As with the acquisition of any new technology, it is extremely important that laser applications in veterinary medicine reflect responsible medical and scientific use. Strategies and gimmicks that advertise new and unique equipment can also attract individuals interested in offering treatments that have little or no proven benefit.
An objective approach to surgical laser procedures in veterinary medicine is essential if the potential of this technology is to be realized. "Zap and vaporize" techniques coupled with a "burn and learn" philosophy can do harm to both patient and surgeon and can easily outweigh any benefits. An effort must be made to evaluate the laser's potential benefit to patients, rather than portraying it as a marvel of the 21st century.Although the use of biomedical lasers has generated entirely new treatment concepts, a veterinarian's clinical expertise and knowledge of pathophysiology must be the primary factors for determining whether a laser or scalpel blade is the better choice for a particular procedure.Many of the first reports of biomedical laser use in veterinary medicine involved endoscopy; fiber optics delivered Nd:YAG laser energy to treat laryngeal and upper respiratory conditions in horses, such as entrapment of the epiglottis and laryngeal cysts. Since then, both CO2 and Nd:YAG lasers has been used in general surgery in small animals where precise dissection and control of hemorrhaging are important. These procedures have included liver biopsy and resection of liver lobes, biopsy of the spleen, partial and complete removal of the kidney, and excision and resection of intra-abdominal, intrathoracic, cutaneous and mammary tumors.Recent reports have reviewed clinical uses of laser energy for ablation and coagulation of brain tumors and superficial growths or tumors (Figure 1), treatment of eosinophilic (foamlike) scar growths and ablation of lick granulomas (the buildup of scar tissue from excessive licking) in dogs.Because advantages such as shorter recovery time, less perceived discomfort and availability of potential treatment regimes for conditions not amenable to conventional procedures, biomedical lasers are being used in the realm of exotic animal or zoo practice where hospitalization time must be minimal (Figure 2). Clinical use of the holmium (Ho:YAG) laser for ablation of intervertebral discs in dogs has also recently been instituted and shows tremendous potential (Figure 3).The use of medical lasers for veterinary ophthalmologic applications was established in the early 1980s, although it is not as common as in human practice because of the cost and differences between human and animal conditions. The Q-switched or continous-wave ophthalmic Nd:YAG, argon-ion and diode lasers have been used as photocoagulators in retinopathies, for treatment of lens-induced papillary opacification and for transcleral cyclodestruction of the ciliary body to treat glaucoma, which is very common in dogs. As experience and interest increases and lasers become more available to veterinary ophthalmologists, clinical applications will increase.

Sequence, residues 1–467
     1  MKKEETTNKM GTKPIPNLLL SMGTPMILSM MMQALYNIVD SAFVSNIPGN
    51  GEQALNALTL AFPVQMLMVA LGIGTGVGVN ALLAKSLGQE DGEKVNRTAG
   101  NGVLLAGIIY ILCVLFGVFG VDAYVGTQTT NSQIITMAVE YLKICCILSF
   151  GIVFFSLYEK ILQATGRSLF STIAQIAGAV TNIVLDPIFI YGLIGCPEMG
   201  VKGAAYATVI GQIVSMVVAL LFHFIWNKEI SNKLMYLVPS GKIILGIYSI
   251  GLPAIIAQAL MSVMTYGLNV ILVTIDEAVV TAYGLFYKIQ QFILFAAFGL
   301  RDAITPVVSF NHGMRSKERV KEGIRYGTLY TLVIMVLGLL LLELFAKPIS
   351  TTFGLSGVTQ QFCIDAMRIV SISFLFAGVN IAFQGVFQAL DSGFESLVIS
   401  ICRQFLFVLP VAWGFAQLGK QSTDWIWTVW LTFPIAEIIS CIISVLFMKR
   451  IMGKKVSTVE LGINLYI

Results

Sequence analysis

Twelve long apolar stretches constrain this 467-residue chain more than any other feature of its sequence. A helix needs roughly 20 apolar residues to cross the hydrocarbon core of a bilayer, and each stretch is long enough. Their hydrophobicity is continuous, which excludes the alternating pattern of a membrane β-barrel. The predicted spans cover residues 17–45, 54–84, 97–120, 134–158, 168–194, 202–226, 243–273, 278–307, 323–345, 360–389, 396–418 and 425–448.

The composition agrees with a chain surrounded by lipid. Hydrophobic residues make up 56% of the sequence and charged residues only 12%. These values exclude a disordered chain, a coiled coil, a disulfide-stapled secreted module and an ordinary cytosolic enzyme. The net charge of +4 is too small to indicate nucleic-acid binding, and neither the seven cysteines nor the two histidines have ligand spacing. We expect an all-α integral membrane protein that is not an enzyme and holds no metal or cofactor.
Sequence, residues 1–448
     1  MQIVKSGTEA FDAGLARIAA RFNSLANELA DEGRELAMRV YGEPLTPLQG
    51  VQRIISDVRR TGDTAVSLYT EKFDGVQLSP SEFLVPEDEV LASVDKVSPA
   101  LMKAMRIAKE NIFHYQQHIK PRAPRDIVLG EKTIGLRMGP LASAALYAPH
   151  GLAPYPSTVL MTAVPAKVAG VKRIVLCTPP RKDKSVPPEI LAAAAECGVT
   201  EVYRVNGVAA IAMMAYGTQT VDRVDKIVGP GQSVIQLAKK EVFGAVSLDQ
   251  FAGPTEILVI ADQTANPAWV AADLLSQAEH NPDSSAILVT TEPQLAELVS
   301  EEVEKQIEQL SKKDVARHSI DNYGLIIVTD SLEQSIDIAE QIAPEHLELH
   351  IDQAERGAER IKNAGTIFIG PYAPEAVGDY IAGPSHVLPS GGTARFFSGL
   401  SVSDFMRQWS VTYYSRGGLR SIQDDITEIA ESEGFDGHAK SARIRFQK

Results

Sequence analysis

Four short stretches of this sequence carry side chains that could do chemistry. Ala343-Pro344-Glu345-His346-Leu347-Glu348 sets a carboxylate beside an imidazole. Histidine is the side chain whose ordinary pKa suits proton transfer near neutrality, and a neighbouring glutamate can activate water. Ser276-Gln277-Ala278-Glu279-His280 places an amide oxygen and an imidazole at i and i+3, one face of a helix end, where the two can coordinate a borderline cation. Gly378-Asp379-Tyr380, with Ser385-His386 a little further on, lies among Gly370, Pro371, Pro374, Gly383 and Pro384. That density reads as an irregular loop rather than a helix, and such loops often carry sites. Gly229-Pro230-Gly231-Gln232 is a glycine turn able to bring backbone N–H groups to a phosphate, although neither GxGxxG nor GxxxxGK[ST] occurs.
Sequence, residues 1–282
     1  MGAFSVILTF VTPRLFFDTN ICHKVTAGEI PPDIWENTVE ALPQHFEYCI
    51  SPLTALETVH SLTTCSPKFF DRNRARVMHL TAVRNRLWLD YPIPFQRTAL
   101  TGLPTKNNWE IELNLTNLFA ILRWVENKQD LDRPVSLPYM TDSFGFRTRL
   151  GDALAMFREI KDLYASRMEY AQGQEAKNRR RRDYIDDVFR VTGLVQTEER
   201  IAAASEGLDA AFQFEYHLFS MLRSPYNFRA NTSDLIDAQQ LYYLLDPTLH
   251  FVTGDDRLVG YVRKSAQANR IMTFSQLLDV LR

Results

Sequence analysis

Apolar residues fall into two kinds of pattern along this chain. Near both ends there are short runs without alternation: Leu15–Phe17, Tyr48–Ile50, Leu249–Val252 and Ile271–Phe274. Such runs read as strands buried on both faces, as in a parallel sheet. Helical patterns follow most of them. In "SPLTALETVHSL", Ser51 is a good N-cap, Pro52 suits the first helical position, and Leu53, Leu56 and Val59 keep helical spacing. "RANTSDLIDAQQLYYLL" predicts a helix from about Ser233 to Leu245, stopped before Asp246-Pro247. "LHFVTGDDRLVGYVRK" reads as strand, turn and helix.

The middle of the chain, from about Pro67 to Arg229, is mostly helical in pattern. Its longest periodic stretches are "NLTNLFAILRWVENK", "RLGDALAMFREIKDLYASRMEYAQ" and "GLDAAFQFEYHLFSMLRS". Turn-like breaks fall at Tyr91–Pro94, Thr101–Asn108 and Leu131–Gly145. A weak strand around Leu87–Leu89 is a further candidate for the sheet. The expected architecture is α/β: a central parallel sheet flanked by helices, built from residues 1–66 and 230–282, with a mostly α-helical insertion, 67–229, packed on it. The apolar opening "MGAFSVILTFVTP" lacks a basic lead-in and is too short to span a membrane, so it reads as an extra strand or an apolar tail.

Photodynamic therapy has been used clinically in veterinary medicine by several investigators since 1985. A number of initiatives have been reported using the technique to treat dogs and cats with spontaneously occurring tumors, primarily of the skin and mouth. This exciting method of destroying tumors employs interaction of light with a photosensitizer in the presence of oxygen. It will undoubtedly play a much larger role in clinical veterinary medicine as protocols are established and photosensitizing drugs are approved by the U.S. Food and Drug Administration (FDA) for use in animals. Phythalocyanines, theophorbides, 5-aminolevulinic acid and hematoporphyrin derivatives such as Photofrin have shown the most promise.
Use of biomedical lasers in small-animal orthopedics has been more limited than similar applications in human or equine surgery for two reasons: Expensive arthroscopic equipment is not always applicable or readily available, and it is harder to use on the smaller joints of cats and dogs. Lasers have not been effective thus far for ablation of bone, although various wavelengths from the free electron laser are being evaluated. Ablation with a CO2 laser of the synthetic polymer methylmethacrylate during removal or revision of total hip prostheses from dogs also has been evaluated recently.Surgical laser techniques for equine urogenital and laryngeal procedures were intially reported in 1983.